Fred’s lifeless body collapsed, landing with a dull thud at Jack’s feet. Blood splashed onto Jack’s black leather shoes and black stockings, but Jack didn’t seem to notice. He peered over his shoulder and whistled loudly.
Two scores of Black men and women, all dressed in dark green waistcoats, similar to Jack’s red one, slipped from behind the Blue Mahoe trees that lined the road and sprinted toward Jack, their muskets and flintlock pistols at the ready.
“Nesta,” Jack said.
“Yah, mon,” a tall, beautiful woman with toffee-colored skin answered.
“Check di wagon,” Jack ordered.
Nesta trotted to the back of the wagon. Four men and two women formed a rank behind her. She pointed her flintlock pistol at the wagon and then snatched back its cover.
Huddled together at the front of the wagon, cowering in the shadows, were five young Black women in their late teens and a boy no older than twelve or thirteen.
“Come on out,” Nesta said. “You’re free now.”
The women crawled in a single file to the back of the wagon and then hopped down onto the road. The boy followed suit.
“How many we got?” Jack asked.
“Five gyals dem,” Nesta answered. “One bwai.”
Jack sauntered toward the young ladies and the boy. “Where were dey take yuh?”
“Mi heard di one called Fred say him was take we to Governor Dalling,” one of the girls said, taking a step toward Jack. “Him said we were gwine be his belly warmer dem.”
“Di bwai, too?” Nesta asked shaking her head.
“Yah, mon, ma’am,” the girl answered.
“Well, you’re free now,” Jack said. “So, you’re free to choose. Go fi yuh own way an’ fend fah yourselve dem, or jine me an’ we work to make all o’ we free.”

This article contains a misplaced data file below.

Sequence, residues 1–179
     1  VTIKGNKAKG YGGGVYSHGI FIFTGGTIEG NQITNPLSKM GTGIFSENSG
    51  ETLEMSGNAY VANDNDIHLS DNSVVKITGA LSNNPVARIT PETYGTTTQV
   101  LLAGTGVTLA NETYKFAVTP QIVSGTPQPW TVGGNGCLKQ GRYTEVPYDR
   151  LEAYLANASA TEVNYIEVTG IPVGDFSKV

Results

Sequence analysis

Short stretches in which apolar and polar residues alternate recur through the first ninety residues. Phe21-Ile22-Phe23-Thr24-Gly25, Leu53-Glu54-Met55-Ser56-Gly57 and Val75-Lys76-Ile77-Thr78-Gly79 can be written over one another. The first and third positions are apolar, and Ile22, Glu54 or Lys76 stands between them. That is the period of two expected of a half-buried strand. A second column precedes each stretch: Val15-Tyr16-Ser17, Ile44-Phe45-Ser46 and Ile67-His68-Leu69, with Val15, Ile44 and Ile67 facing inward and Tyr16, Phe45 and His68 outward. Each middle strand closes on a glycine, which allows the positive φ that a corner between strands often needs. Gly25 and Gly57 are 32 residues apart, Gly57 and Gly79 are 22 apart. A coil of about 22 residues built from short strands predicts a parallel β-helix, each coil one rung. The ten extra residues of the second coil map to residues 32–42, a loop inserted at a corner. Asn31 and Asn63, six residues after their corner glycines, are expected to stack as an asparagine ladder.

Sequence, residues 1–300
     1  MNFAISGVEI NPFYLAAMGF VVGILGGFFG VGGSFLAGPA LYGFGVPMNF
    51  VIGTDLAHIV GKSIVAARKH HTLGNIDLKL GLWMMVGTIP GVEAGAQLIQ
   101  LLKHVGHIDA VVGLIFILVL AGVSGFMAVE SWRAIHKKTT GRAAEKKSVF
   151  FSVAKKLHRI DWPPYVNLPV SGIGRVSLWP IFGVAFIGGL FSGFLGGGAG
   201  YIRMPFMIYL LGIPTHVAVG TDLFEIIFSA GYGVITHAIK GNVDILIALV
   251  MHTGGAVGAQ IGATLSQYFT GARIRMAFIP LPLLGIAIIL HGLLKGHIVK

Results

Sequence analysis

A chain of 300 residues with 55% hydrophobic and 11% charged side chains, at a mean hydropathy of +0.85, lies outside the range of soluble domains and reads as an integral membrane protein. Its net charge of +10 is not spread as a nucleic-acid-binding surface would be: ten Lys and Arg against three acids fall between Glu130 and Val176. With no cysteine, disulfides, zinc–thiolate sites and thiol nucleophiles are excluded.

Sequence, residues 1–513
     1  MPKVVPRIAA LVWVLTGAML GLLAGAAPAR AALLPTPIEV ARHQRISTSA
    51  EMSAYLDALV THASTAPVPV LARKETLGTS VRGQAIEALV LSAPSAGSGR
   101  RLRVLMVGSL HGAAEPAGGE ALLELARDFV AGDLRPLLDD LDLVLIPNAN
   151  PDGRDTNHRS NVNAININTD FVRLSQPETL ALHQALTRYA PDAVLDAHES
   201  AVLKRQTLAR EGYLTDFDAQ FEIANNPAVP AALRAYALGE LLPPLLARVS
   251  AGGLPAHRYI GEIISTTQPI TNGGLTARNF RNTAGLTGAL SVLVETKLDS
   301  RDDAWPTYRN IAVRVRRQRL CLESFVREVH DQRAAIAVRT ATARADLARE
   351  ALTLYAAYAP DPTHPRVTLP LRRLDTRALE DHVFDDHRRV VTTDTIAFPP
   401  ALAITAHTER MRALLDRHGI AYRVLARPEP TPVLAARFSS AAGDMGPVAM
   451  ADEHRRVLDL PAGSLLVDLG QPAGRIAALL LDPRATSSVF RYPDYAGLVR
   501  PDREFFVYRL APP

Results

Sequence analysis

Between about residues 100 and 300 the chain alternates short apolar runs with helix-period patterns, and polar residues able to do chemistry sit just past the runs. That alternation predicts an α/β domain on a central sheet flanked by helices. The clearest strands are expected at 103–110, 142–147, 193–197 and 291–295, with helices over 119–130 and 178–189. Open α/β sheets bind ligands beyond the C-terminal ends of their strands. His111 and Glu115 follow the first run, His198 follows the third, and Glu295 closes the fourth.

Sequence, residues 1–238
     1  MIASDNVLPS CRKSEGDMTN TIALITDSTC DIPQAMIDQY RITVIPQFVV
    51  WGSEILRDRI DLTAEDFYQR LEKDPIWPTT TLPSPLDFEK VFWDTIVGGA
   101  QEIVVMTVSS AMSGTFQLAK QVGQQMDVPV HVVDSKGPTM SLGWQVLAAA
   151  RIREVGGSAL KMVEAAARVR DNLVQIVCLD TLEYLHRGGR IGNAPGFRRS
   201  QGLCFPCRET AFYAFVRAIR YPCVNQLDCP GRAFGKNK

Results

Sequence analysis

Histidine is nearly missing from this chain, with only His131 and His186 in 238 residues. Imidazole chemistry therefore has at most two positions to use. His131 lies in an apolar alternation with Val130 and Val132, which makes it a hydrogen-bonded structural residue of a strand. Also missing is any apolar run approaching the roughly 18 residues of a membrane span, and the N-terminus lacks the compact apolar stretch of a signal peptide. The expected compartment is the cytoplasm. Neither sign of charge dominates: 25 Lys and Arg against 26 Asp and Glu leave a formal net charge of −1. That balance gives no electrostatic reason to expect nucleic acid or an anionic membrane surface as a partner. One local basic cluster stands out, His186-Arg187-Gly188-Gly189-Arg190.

“Mi reckon join ya’ is better dan’ slave fi dem’,” the girl replied.
The other women and the little boy nodded in agreement.
“Den, welcome to di army of Jack Mansong,” Jack said with a bow and a wave of his capotain hat. “Hop back in di wagon an’ Nesta, here, will drive yuh home.”
With that, Jack turned away from his army and sprinted toward the tree line. The shadows of the Blue Mahoes seemed to embrace him and a moment later, the giant was gone.
The shadows opened and Jack stepped out onto a narrow path that led to the gaping maw of a cave. Twenty of his soldiers greeted him, kneeling on their right knee and raising their machetes to their foreheads in their traditional salute. Jack knelt, returning the salute and then hopped to his feet. The soldiers followed suit. Jack then embraced each of them, asking each man and woman about their day before marching up the path to the cave.
Jack stepped inside the cave. Torches lined the walls, bathing the illustrations of Jack’s exploits – drawn by Nesta, who was a masterful artist – and the hieroglyphs – drawn by his master to ward off their white oppressors – in firelight.
Jack strode past several torch lit rooms and passages on either side of him, journeying deeper down the main passageway until he came to a capacious room lit, not by torches, but by hundreds of white candles. In the center of this room was a small pool of clear water. Beside the pool, sitting upon his haunches on a straw mat, was a middle-aged man dressed in a white tunic and white breeches.
Jack lowered himself into a prone position and then pressed his forehead to the stone floor. “Wah gwan, Tata Boukman.” – “Hello, Father Boukman.”